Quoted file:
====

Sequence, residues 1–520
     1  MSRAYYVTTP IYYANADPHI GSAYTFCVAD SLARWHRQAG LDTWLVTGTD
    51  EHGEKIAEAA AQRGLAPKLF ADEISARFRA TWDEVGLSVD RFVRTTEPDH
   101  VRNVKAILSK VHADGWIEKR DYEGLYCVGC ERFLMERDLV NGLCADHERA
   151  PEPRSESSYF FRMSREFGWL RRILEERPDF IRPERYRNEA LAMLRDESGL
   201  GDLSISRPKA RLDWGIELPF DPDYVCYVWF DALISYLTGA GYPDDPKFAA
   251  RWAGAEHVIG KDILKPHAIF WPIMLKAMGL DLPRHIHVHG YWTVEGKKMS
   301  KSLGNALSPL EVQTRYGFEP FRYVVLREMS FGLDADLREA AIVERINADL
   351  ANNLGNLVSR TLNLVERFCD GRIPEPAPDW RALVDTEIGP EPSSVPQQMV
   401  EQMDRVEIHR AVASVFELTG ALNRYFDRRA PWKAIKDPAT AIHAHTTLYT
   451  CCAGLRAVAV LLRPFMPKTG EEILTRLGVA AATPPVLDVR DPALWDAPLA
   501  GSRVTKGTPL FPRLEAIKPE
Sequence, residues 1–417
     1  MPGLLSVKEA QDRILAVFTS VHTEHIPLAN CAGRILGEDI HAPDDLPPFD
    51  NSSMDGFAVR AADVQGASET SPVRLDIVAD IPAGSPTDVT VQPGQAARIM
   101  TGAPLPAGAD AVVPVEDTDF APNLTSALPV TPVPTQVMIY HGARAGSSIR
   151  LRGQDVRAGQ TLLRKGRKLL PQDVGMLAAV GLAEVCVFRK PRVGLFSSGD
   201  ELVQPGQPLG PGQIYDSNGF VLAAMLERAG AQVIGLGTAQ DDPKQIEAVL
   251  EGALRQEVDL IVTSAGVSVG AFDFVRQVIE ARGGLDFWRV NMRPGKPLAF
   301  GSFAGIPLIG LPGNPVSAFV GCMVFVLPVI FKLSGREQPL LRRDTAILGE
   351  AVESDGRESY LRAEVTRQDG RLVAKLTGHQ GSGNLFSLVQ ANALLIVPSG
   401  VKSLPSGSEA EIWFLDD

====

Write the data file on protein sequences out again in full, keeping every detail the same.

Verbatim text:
Sequence, residues 1–520
     1  MSRAYYVTTP IYYANADPHI GSAYTFCVAD SLARWHRQAG LDTWLVTGTD
    51  EHGEKIAEAA AQRGLAPKLF ADEISARFRA TWDEVGLSVD RFVRTTEPDH
   101  VRNVKAILSK VHADGWIEKR DYEGLYCVGC ERFLMERDLV NGLCADHERA
   151  PEPRSESSYF FRMSREFGWL RRILEERPDF IRPERYRNEA LAMLRDESGL
   201  GDLSISRPKA RLDWGIELPF DPDYVCYVWF DALISYLTGA GYPDDPKFAA
   251  RWAGAEHVIG KDILKPHAIF WPIMLKAMGL DLPRHIHVHG YWTVEGKKMS
   301  KSLGNALSPL EVQTRYGFEP FRYVVLREMS FGLDADLREA AIVERINADL
   351  ANNLGNLVSR TLNLVERFCD GRIPEPAPDW RALVDTEIGP EPSSVPQQMV
   401  EQMDRVEIHR AVASVFELTG ALNRYFDRRA PWKAIKDPAT AIHAHTTLYT
   451  CCAGLRAVAV LLRPFMPKTG EEILTRLGVA AATPPVLDVR DPALWDAPLA
   501  GSRVTKGTPL FPRLEAIKPE
Sequence, residues 1–417
     1  MPGLLSVKEA QDRILAVFTS VHTEHIPLAN CAGRILGEDI HAPDDLPPFD
    51  NSSMDGFAVR AADVQGASET SPVRLDIVAD IPAGSPTDVT VQPGQAARIM
   101  TGAPLPAGAD AVVPVEDTDF APNLTSALPV TPVPTQVMIY HGARAGSSIR
   151  LRGQDVRAGQ TLLRKGRKLL PQDVGMLAAV GLAEVCVFRK PRVGLFSSGD
   201  ELVQPGQPLG PGQIYDSNGF VLAAMLERAG AQVIGLGTAQ DDPKQIEAVL
   251  EGALRQEVDL IVTSAGVSVG AFDFVRQVIE ARGGLDFWRV NMRPGKPLAF
   301  GSFAGIPLIG LPGNPVSAFV GCMVFVLPVI FKLSGREQPL LRRDTAILGE
   351  AVESDGRESY LRAEVTRQDG RLVAKLTGHQ GSGNLFSLVQ ANALLIVPSG
   401  VKSLPSGSEA EIWFLDD